LS: So, there are a million film fests out there, there’s even several magazines dedicated to this very topic. What’s different about this one?
TS: What I like is that it is brought to people – to their towns, to their cinemas whereas any other festival is based in one place and people descend on that one place and usually you’re having a panel of celebs, filmmakers, critics, whoevers, pick winners, hand out awards. I think the strongest part of this festival is that you, the audience member, are voting the winner. We’ve often talked about the idea of an Olympics of film, if you will, and we’re seeing it year after year. Nine countries are represented and it’s funny year after year, you see similarities in films from certain places, every country having it’s own point of view – they come out in their films. It’s a truly international event in its content and execution.
LS: How have you seen this festival change over the years, if at all?
TS: When I first got involved we were really just on the verge of expanding to other cities in the US. We did that and the next year it was Europe, then Russia, and every year we pick up more of the world. There was an attempt a few years back to have someone at a science station in the Arctic screen it the week of but it fell through. Not the ice. It did not fall through ice.
LS: That would have been disastrous, in an amusing way. So, not counting the Arctic, where do you see this festival going next:
TS: It will continue to have a presence every year around the world. I would love to see it screened in every possible corner of the earth. Something that has been talked about is maybe finding a really amazing feature and distributing it throughout these cinemas, which would be a no-brainer for the festival in certain parts of the country and the world where it has a massive following.
LS: I recall last year seeing some very out-there films. What can we expect from this year’s line up?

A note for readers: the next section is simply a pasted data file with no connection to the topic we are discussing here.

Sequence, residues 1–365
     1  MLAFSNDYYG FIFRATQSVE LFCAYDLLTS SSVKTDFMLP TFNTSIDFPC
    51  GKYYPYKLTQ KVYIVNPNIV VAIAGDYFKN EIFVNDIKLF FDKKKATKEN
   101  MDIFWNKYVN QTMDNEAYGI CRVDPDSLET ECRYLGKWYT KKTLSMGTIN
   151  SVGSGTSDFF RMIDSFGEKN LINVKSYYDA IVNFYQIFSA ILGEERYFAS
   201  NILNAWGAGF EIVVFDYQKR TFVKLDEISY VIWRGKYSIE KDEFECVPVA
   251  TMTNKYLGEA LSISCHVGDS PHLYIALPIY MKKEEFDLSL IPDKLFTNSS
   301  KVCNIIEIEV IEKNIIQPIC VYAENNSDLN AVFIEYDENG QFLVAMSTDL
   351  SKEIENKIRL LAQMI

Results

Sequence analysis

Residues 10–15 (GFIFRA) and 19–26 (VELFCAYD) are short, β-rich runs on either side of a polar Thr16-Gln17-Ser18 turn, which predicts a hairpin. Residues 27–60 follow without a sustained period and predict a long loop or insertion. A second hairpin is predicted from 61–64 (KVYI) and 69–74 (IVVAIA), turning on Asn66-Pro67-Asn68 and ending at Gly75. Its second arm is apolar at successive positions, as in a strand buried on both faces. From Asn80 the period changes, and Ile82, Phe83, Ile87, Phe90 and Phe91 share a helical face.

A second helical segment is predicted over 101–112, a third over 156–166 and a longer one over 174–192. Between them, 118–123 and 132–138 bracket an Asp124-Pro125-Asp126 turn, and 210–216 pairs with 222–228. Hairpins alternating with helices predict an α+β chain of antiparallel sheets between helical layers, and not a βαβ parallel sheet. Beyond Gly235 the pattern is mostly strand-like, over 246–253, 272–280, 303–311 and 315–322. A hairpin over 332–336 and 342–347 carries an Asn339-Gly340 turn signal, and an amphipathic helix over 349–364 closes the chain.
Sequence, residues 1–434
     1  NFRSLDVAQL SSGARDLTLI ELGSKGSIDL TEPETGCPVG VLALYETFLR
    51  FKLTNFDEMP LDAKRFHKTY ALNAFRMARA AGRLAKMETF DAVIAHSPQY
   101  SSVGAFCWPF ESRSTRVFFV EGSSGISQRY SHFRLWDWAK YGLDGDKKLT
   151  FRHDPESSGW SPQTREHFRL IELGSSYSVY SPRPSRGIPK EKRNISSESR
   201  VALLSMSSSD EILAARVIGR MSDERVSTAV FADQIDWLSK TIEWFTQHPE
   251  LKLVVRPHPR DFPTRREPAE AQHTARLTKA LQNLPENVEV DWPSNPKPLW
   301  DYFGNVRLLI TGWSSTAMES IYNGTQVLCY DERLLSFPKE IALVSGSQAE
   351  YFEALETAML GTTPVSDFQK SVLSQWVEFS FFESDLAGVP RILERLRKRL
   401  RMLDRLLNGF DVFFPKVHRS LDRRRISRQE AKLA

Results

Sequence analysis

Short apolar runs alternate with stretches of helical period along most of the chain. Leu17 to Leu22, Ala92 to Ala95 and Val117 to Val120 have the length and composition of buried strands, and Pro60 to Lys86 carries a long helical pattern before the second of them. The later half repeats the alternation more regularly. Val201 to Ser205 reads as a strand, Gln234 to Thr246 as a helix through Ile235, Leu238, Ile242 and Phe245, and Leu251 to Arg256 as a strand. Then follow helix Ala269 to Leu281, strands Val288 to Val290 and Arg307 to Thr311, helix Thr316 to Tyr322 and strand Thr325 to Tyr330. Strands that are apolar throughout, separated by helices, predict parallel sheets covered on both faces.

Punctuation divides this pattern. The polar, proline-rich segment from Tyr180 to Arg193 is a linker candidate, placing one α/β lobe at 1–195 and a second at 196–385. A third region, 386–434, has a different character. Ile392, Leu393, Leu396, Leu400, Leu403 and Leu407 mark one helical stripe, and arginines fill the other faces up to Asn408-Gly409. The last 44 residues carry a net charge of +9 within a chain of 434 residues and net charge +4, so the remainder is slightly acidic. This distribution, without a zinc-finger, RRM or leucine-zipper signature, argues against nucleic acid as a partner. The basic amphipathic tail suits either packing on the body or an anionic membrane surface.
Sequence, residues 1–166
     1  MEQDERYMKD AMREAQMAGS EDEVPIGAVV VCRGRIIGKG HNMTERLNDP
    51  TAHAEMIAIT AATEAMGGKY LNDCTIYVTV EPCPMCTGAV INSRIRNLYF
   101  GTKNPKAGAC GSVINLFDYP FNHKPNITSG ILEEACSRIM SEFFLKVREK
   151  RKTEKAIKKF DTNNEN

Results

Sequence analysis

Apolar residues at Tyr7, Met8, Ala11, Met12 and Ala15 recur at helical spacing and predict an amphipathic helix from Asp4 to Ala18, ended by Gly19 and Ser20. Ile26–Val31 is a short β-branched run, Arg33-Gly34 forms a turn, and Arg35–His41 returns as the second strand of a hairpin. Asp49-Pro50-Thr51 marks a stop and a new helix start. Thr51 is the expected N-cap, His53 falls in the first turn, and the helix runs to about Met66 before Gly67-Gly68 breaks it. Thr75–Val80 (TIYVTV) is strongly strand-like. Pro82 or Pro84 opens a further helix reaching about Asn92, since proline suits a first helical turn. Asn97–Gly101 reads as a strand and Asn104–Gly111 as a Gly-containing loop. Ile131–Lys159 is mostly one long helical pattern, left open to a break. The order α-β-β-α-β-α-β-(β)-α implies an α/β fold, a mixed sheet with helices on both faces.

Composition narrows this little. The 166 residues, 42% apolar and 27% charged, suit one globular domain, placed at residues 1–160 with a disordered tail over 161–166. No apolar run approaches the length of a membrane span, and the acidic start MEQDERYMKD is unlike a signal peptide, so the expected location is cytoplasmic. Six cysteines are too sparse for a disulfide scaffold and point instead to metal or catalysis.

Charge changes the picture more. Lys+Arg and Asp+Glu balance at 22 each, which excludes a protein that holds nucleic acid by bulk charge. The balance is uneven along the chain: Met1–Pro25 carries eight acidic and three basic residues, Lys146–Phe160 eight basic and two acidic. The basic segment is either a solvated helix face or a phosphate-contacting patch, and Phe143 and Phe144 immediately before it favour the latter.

TS: This is a very balanced line-up this year. There is some serious talent behind these films. Names of filmmakers you hope to see in the future. The object for us is always to have a careful balance in the program which is always something you have to be careful with – you don’t see most festivals doing five films in a row, intermission, and then five more. It can be draining for an audience. So it’s a bit like sequencing a record, putting it together.
LS: This year you received over 590 entries from 48 countries. That’s a lot of popcorn you must have eaten. What is the internal judging process like for you guys?
TS: There’s only a handful of us putting this together. There are years where we get ten or twelve films that could be Oscar shorts but they simply don’t fit in a program of ten. You can’t play the same kind of film again and again. As Nick likes to say, the audience won’t stand for it. So that is the hardest part – finding a comedy, finding a documentary, finding something different — films that fit into what you want to do.
LS: OK, last question, which is your favorite movie this year, if you don’t mind being totally subjective?
TS: I’d go with ‘A Doctor’s Job’ or ‘The Legend of Beaver Dam’. They’re both spectacular achievements in my opinion.
The Manhattan Short Film Festival will be held on Friday, September 30 at 7 p.m. at the Museum of Fine Arts and is cosponsored by the Southwest Alternative Media Project (SWAMP). For tickets visit http://mfah.org/films
– Interview and Article by Abby K., Freelance Writer Extraordinaire